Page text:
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Oklahoma attorney general refers Glossip hearing request to courts

Richard Glossip
Posted at 11:57 AM, Aug 09, 2022
and last updated 2022-08-09 23:22:48-04

OKLAHOMA CITY — Oklahoma Attorney General John O'Connor responded to a letter from more than 60 state lawmakers on Tuesday passing the request for a new hearing for Richard Glossip on to the courts.

The letter, cosigned by many Republicans who support the death penalty, called for an evidentiary hearing that could lead to a stop of Glossip's execution. O'Connor said in a statement it will be up to the Oklahoma Court of Criminal Appeals to make any decisions.

“While my office has the utmost respect for the opinions of the members of the Legislature who signed a letter in support of Glossip’s request for an evidentiary hearing, it is the courts who are authorized to make decisions regarding claims of factual or legal innocence raised on appeal. With that in mind, I look to the Oklahoma Court of Criminal Appeals to carefully consider the claims before it and render a decision that complies with Oklahoma law.”

The group fighting for the hearing pointed to an independent investigation by a Texas law firm that raised questions about Glossip’s guilt. Details of the report came out a couple of weeks before the announcement of Glossip's Sept. 22 execution date.

“The report concluded that no reasonable juror who heard all the evidence would find Mr. Glossip guilty,” the letter said. “As elected officials representing the citizens of this great state, we believe it is vitally important to conduct a serious review of this case so that the truth might be conclusively found.”

The report by the Houston law firm Reed Smith did not find any definitive proof of Glossip’s innocence, but raised concerns about lost or destroyed evidence and a detective asking leading questions to Glossip’s co-defendant, Justin Sneed, to implicate Glossip in the 1997 killing of Glossip’s boss, motel owner Barry Van Treese. Sneed, who admitted killing Van Treese but said he did so at Glossip’s direction, was sentenced to life in prison and was a key witness against Glossip.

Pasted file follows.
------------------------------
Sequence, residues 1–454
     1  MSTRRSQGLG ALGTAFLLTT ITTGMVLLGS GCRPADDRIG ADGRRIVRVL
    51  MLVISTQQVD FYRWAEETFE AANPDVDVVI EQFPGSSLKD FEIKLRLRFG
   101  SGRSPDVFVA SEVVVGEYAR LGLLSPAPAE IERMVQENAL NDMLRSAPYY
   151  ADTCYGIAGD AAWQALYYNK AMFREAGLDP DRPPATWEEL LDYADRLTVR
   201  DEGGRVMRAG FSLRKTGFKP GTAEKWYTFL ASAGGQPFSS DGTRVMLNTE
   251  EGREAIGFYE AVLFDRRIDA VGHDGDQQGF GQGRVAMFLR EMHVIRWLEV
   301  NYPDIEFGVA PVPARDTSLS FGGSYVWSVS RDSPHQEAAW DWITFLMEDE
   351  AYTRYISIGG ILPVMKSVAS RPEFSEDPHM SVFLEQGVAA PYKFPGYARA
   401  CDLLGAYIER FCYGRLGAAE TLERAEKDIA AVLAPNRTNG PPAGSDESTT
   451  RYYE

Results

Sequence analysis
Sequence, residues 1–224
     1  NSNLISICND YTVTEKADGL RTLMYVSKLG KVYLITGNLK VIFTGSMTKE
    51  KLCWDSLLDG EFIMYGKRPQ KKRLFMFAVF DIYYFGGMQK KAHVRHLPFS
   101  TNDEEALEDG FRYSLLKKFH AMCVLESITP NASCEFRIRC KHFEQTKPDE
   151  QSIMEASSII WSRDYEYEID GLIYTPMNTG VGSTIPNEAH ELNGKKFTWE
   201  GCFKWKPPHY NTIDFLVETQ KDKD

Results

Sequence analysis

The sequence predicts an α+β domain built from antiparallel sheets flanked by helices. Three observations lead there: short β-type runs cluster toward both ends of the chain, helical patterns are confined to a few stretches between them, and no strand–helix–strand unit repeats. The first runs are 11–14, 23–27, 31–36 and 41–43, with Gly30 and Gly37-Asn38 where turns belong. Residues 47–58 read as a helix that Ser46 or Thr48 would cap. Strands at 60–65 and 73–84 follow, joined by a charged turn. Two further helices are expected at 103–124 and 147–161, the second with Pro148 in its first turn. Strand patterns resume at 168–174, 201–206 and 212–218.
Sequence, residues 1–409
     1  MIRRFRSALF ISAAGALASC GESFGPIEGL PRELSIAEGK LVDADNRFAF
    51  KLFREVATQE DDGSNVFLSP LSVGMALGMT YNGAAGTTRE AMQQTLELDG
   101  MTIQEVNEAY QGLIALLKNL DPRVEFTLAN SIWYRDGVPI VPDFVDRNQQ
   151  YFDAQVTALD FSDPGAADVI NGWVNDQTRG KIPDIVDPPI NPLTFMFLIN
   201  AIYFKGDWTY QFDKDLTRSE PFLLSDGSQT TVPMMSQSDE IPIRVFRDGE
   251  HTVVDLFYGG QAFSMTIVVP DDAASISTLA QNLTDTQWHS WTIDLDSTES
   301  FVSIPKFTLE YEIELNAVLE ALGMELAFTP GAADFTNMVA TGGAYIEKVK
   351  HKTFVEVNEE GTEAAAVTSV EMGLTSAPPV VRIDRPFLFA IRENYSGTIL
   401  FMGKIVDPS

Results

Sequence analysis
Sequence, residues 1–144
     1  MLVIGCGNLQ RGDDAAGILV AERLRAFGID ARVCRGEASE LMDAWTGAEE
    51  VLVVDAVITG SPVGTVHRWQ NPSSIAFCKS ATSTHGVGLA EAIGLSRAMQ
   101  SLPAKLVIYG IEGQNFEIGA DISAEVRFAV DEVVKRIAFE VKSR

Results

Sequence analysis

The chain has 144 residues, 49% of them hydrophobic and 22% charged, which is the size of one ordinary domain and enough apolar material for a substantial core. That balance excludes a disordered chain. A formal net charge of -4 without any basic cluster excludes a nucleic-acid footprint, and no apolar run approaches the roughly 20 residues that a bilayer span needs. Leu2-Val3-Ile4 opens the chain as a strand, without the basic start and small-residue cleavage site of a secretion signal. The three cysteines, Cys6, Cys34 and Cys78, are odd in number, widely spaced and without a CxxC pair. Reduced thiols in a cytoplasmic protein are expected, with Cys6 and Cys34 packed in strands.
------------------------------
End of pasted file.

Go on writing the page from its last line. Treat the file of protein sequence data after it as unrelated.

Prosecutors in O'Connor's office have urged the Court of Criminal Appeals to reject Glossip’s request for an evidentiary hearing, suggesting it’s a delay tactic.

“The appellant’s actions in this sense are dilatory and only prolong the wait for justice for the victim, Barry Van Treese, and his family in this case,” the state wrote in July after Glossip objected to the court setting his execution date.

Van Treese’s brother, Ken Van Treese, said Monday that Glossip was twice convicted and twice sentenced to death by two separate juries.

“Having sat through and testified at both, the facts that were presented at both trials never varied,” Van Treese wrote in a message to The Associated Press. “As far as I’m concerned, the guilty verdicts awarded were completely justified and the duly sworn jurors agreed with facts presented.

“The citizens of Oklahoma made this determination based upon the facts in the case. They decided the case based upon Oklahoma law.”

Glossip, now 59, has maintained his innocence. He has been scheduled to be executed three separate times, only to be spared shortly before the sentence was set to be carried out. He was just hours from being executed in September 2015 when prison officials realized they had received the wrong lethal drug, a mix-up that led in part to a nearly seven-year moratorium on the death penalty in Oklahoma.

The Associated Press contributed to this report.


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